This chimes with findings from the Care Quality Commission. Two-thirds of services are rated not good enough with safety a major concerns. But the biggest problems are with what precautions services are taking to look after patients not to protect the public. Improvements are needed, it seems, but on both issues.
The review, of what is one of England's largest mental health trusts, was launched following the stabbing to death of Donald Lock, 79, by Matthew Daley in 2015.
Daley, who had been under the care of the trust at the time, was convicted of manslaughter on the grounds of diminished responsibility after stabbing Mr Lock 39 times following a two-car crash on the A24 in Findon, West Sussex.
During the trial, jurors were told Daley's mother had pleaded with mental health experts to have her son sectioned.
The review looked at nine killings committed by patients of the trust and the case of one patient who was killed while under the care of the trust.
The independent review found that, in several cases, the process to assess patients was "inadequate" and "the risk posed by the service user went unrecognised or was severely underestimated".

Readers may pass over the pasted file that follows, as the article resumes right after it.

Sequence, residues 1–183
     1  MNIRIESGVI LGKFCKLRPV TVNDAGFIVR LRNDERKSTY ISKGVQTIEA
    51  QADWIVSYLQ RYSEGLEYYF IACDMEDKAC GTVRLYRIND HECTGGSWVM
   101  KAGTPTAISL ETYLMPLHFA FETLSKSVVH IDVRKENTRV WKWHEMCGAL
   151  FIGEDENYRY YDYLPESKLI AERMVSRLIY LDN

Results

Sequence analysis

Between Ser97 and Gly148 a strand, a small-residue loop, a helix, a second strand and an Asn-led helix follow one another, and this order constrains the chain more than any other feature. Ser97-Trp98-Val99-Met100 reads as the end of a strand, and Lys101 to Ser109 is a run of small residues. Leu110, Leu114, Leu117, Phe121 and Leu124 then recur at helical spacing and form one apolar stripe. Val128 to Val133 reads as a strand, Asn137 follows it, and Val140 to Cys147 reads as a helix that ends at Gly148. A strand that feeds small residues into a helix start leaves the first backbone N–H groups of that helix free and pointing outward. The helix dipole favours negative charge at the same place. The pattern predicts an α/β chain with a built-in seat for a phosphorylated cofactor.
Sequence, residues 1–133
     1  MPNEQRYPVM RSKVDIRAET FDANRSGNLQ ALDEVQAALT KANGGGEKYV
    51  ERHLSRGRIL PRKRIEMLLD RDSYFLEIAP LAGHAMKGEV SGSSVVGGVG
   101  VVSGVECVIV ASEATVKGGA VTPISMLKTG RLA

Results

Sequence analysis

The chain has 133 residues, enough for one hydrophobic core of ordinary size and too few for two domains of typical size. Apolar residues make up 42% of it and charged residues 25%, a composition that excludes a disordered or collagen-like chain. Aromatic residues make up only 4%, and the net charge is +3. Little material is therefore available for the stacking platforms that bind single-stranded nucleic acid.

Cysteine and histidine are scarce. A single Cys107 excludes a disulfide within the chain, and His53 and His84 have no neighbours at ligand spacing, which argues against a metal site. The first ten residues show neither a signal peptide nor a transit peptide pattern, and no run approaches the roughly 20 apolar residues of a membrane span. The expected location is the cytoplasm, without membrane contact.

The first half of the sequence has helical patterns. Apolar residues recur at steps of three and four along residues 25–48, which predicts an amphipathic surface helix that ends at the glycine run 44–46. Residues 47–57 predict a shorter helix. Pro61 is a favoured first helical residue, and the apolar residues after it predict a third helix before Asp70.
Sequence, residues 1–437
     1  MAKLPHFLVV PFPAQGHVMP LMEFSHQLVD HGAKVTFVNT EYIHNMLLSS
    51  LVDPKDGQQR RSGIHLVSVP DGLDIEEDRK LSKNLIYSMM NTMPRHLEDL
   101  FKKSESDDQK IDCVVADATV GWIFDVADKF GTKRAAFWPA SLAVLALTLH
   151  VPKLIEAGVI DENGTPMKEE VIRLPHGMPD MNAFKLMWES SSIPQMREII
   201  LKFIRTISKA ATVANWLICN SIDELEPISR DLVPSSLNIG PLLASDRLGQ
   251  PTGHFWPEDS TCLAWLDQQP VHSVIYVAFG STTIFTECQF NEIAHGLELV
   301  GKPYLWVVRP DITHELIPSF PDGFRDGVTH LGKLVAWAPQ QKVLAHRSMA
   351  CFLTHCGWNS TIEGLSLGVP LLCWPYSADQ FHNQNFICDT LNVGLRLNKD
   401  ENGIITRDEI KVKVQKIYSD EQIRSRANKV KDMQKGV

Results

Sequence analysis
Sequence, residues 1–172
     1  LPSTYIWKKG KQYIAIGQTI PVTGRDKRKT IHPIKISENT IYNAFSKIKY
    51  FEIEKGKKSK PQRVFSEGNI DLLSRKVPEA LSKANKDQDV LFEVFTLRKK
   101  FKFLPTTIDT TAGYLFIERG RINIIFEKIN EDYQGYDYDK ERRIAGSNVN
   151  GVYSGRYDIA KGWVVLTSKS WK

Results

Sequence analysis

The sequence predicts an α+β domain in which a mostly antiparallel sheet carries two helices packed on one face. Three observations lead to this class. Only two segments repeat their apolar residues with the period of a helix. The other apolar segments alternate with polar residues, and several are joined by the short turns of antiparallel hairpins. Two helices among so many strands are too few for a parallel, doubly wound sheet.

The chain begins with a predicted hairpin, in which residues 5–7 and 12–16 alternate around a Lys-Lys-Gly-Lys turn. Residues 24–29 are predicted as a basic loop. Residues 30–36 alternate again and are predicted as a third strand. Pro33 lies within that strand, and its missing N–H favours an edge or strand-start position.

In some cases, "risk assessments were not completed or were completed incorrectly".
The report said: "Some diagnoses are incorrect and remained unchanged in the face of the service user's behaviour.
"Sometimes service users made threats to kill others but no further action, for example informing the police or warning the person threatened, was taken."
It added: "If the service user had been assessed as high risk, then a management plan would have been triggered."
The report said learning after each killing had not always been taken up across the trust and there was some "repetition" in the recommendations made after each one.
The cases reviewed
- Kayden Smith killed Danish tourist Jan Jansen at his flat in Hassocks in 2012
- Graeme Morris travelled from Brighton to Troon and killed his mother in 2012
- Christopher Jeffrey-Shaw was convicted of manslaughter after Janet Muller was burned to death in the boot of a car near Horsham in 2015
- David Sole was jailed for life for the "motiveless and brutal" murder of Jonathan Ellison in his Brighton flat in 2011
- Sean Iran was jailed for life for killing a friend then burning his body on a Brighton golf course in 2010
- Steven Dunne killed Gordon Stalker in Brighton in 2010, claiming he was a witch who had captured his soul
- Roger Goswell killed his wife Susan in West Chiltington in 2007 after she had told him she had not been a virgin before they married
- Shane Noble punched and kicked Chris Poole to death outside a convenience store in Eastbourne in 2012
- Oliver Parsons murdered Joe Lewis on Christmas Day morning at a flat in Brighton in 2014
- Matthew Daley killed motorist Donald Lock by stabbing him 39 times on the A24 in Findon, West Sussex, in 2015
Marjorie Wallace, chief executive of the mental health charity Sane, said: "We are pleased that these steps are being taken to deal with the families who have been so often disregarded and who experienced obstacles in finding out the truth."